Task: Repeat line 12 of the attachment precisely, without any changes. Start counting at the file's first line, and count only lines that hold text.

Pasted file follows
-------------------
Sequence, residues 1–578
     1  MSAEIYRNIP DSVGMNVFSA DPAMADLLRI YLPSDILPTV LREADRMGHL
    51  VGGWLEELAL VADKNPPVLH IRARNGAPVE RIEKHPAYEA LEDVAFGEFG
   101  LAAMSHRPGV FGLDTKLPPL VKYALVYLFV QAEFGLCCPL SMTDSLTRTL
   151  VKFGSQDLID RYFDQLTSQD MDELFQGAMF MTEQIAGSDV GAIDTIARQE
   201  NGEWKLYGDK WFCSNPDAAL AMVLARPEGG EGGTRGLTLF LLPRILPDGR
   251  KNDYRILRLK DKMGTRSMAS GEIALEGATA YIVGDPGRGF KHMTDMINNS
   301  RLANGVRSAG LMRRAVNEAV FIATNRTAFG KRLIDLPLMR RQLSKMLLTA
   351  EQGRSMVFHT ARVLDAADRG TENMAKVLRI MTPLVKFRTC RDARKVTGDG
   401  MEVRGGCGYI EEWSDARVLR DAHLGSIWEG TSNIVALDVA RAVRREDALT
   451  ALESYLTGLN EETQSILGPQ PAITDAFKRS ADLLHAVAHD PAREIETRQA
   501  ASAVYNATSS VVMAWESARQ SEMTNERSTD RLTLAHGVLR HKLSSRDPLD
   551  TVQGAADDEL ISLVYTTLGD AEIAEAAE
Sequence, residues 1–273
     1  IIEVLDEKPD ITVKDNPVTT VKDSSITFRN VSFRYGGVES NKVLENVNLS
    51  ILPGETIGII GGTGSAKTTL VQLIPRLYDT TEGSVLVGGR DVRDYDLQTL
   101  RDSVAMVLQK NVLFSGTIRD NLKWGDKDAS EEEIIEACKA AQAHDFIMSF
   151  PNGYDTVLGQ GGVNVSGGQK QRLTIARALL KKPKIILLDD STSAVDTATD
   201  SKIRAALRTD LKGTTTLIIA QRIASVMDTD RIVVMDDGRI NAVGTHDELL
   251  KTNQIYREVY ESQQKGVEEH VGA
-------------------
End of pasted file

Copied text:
   501  ASAVYNATSS VVMAWESARQ SEMTNERSTD RLTLAHGVLR HKLSSRDPLD